It is no secret that the UK, along with many other countries, is facing an obesity crisis. According to a report by the National Institute for Health and Care Excellence (NICE), almost three in four UK adults will be overweight or obese by 2035 if the current trends continue, writes HIM’s Heidi Lanschuetzer.
The NHS claims that these forecasts could mean they will bankrupt it. But why has the UK been hit with this epidemic? Isn’t the choice of shoppers to eat healthily?
Healthy food and drink should not be luxuries. Just like in higher income groups, many consumers in lower-income groups have the desire to improve their diets and lead a healthier lifestyle, too. HIM research shows that C2DE shoppers (39%) and ABC1 shoppers (41%) are almost equally likely to rate a range of healthy products as very important or important (8, 9 or 10 out of 10).
However, with price being highlighted an important feature in buying food for three out of four (74%) shoppers, it comes with little surprise that price is commonly cited as a barrier to consuming healthier food among those in the lower-income groups.
It’s clear that a proactive approach is needed and that suppliers and retailers must work more closely together to make healthier options more accessible to shoppers.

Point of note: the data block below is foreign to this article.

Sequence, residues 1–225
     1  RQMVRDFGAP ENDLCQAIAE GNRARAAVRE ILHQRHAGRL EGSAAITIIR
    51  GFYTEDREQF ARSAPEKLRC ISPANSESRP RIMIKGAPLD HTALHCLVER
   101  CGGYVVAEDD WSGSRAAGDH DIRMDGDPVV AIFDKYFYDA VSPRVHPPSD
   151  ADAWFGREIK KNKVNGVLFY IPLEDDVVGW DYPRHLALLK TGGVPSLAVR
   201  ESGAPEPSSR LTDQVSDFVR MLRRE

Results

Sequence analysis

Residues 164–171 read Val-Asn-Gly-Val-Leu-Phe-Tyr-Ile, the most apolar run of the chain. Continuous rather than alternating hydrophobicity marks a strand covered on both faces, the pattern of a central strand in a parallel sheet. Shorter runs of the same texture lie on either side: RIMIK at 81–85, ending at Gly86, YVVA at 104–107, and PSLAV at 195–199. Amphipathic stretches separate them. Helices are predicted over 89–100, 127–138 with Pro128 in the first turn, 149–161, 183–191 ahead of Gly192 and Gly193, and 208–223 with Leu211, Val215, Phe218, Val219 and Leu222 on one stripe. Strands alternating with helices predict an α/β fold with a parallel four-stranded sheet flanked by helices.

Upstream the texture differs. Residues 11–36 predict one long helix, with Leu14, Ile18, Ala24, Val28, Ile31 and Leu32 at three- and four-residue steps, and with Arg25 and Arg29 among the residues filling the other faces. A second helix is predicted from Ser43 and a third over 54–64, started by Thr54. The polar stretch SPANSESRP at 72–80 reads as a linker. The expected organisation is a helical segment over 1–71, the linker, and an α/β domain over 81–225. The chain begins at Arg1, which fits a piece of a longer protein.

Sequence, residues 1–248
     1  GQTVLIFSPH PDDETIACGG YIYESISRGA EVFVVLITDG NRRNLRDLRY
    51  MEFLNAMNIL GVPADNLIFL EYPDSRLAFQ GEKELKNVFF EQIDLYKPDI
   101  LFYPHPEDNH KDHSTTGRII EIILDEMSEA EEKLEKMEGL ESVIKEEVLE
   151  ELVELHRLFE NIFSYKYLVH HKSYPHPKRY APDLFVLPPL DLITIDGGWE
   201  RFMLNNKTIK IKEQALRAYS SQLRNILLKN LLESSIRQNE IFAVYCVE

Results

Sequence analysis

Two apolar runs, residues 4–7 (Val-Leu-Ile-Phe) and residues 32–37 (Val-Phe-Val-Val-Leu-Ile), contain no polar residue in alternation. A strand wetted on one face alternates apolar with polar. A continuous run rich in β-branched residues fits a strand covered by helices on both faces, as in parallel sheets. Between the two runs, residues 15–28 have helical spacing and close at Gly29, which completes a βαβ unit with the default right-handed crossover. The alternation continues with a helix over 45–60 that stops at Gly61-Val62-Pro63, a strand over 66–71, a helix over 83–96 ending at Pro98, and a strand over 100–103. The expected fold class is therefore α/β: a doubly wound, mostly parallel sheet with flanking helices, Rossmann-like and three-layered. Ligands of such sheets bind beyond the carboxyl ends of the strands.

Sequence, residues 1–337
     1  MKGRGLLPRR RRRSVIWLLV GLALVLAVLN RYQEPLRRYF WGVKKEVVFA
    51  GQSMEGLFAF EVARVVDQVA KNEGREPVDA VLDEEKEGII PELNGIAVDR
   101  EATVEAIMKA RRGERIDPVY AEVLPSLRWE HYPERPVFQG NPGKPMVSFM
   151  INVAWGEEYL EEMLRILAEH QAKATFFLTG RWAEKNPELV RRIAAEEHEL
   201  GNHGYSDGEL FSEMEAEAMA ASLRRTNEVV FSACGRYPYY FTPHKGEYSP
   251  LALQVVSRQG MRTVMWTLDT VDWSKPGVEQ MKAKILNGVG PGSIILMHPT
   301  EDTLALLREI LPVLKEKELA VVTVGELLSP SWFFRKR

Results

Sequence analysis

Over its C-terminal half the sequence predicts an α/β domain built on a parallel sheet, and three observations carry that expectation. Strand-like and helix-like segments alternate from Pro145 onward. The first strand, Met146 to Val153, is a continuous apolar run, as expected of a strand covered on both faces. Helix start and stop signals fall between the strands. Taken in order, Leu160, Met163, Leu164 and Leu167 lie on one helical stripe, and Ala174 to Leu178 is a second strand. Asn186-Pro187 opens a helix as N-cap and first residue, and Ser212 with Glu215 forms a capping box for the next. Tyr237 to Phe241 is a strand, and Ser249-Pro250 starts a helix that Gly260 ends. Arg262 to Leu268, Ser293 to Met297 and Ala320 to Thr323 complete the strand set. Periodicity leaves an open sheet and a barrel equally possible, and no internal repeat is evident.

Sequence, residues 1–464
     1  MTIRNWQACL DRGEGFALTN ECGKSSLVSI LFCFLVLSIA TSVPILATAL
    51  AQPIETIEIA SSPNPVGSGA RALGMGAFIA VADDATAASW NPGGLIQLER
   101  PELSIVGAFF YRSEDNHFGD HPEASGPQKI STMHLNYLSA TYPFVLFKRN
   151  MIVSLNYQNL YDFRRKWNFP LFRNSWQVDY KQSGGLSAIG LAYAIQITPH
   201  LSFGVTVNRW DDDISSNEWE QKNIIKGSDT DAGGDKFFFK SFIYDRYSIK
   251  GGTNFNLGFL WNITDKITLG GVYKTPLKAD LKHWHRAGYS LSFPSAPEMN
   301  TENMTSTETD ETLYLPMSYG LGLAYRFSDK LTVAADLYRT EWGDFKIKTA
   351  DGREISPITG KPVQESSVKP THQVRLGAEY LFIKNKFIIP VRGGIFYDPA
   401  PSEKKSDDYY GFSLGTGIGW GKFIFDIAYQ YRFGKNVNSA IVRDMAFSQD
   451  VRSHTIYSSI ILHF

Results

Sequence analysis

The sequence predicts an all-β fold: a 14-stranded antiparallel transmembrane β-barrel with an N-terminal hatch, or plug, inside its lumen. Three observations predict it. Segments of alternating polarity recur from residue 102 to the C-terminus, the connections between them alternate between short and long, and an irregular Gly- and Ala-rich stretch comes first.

There is a huge opportunity for both manufacturers and retailers to take a proactive approach in making healthy foods more accessible and affordable to a wider population, and in doing so staying ahead of the ‘state stick’ and boosting their reputation as being socially responsible.
Convenience is a key driver for meal choice among c-store shoppers. For instance, two-thirds of meal-for-tonight shoppers use at least some pre-prepared items when cooking their evening meal (HIM). Therefore, making it easy for shoppers to choose a healthier option over a not-so-healthy one is paramount. A big enough and clearly labelled choice of better-for-you ready meals and meal solutions should be part of a convenience store retailer’s range.